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What Hath Obama Wrought

Oct 3, 2011, Vol. 17, No. 03 • By LEE SMITH
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It’s unpleasant for many people to think of the United States as the world’s policeman. So perhaps it’s better to think of Washington as a financial adviser, whose role is to make sure its clients have the wherewithal to do the things they really want to do without unnecessary risk. As we saw last week at the U.N., the Obama administration, by mishandling the peace process portfolio, exposed American clients—both Israel and the PA—to too much risk.

The result is that other powers are eager to step in where the United States has faltered. French president Nicolas Sarkozy is drooling at the prospect of picking up an account as prestigious as the peace process. What he fails to recognize is that France is no more qualified to manage this portfolio than, say, Turkey was able to mediate between Israel and Syria. The fact is that no one is able to offer the goods and services that Washington provides its allies, in the region and throughout the world.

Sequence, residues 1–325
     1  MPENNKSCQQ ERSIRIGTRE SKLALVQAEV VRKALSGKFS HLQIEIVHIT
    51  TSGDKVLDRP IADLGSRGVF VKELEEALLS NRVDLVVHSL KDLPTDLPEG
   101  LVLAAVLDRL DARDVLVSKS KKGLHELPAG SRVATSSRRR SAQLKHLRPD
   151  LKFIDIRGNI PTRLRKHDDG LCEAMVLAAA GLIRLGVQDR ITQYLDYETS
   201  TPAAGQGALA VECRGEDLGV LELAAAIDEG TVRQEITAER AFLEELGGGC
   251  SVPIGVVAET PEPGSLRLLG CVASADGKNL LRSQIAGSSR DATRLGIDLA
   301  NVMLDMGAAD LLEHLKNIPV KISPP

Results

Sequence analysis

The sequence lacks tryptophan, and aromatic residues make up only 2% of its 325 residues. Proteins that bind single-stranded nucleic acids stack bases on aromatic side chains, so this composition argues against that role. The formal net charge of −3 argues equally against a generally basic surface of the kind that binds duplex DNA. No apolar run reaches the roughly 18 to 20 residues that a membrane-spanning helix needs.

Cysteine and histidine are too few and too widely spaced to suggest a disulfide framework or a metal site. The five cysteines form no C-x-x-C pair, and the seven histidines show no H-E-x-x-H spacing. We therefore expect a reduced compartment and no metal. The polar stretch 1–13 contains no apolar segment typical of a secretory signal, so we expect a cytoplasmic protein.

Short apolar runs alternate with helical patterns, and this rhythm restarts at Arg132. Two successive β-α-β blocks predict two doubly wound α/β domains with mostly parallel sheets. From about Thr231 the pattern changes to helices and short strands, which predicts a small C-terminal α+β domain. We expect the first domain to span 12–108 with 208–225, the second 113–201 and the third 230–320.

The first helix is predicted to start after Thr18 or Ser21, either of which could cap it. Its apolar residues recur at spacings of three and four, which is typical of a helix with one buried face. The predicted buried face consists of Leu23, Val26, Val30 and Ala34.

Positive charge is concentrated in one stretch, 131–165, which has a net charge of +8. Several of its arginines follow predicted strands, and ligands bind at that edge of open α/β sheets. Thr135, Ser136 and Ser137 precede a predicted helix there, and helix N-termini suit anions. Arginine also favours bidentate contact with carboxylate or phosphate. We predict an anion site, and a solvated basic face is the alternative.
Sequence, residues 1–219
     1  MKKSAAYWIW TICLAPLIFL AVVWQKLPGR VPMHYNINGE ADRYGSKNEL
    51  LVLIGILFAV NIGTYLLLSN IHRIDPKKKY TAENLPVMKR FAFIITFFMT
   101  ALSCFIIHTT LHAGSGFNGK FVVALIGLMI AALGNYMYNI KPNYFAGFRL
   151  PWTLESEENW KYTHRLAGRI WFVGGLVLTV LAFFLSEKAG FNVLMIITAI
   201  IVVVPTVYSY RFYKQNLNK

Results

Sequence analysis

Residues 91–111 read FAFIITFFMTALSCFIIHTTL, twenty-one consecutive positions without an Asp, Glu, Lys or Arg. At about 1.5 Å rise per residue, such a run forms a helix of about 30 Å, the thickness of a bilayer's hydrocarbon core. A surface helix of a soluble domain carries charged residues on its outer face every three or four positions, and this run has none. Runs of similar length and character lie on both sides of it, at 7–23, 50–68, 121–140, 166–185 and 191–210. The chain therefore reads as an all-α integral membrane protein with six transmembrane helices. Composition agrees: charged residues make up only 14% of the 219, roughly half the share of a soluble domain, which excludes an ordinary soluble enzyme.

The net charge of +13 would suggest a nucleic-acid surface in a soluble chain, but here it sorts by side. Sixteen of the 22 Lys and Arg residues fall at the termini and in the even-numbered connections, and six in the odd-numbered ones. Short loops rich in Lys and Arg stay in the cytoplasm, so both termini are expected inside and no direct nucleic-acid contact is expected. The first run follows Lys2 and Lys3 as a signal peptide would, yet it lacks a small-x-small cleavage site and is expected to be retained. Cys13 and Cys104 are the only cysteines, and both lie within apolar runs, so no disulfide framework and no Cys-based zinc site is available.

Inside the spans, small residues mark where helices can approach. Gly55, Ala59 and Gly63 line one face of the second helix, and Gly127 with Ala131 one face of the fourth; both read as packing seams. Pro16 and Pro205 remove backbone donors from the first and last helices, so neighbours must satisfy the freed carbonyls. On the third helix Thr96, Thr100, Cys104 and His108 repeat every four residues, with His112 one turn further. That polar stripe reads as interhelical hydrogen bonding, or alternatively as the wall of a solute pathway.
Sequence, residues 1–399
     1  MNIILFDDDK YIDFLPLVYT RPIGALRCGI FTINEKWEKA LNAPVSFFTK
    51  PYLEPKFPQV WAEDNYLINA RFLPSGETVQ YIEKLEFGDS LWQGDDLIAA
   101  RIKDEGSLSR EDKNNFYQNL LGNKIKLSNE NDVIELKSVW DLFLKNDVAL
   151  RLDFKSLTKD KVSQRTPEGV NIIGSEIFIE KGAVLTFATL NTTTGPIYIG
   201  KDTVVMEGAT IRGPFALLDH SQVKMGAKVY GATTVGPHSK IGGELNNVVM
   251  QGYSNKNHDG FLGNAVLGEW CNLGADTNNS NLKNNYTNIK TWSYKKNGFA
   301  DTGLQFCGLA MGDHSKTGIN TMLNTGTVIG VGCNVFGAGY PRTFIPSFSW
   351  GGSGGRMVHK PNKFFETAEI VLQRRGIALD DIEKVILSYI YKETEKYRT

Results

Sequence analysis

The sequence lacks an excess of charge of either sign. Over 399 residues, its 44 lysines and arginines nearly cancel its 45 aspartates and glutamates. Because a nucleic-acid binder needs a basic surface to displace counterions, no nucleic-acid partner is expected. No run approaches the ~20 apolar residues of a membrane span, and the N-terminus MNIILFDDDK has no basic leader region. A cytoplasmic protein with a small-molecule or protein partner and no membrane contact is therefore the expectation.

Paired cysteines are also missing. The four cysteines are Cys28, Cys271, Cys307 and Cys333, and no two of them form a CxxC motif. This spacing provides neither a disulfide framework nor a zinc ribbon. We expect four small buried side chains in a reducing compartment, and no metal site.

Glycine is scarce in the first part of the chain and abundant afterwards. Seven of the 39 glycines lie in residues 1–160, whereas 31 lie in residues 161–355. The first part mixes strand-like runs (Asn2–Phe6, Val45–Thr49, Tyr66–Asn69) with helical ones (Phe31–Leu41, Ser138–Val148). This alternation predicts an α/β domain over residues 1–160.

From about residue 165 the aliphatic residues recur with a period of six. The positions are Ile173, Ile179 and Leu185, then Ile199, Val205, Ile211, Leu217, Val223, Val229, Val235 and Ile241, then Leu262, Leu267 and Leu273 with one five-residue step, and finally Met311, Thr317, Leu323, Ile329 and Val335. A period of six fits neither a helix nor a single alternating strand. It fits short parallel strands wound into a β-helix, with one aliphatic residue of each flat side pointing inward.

If the president is beginning to see the nuances and difficulties of the Palestinian-Israeli conflict in many of its details, he still lacks an understanding of the larger architecture that everything hangs on: American leadership. Nations, like individual investors, do not always know what’s best for them. Both history and Wall Street are replete with the tragic stories of those who confused opportunities and risks. When Washington fails to lead competently, the world is a riskier place, for our friends and for ourselves.

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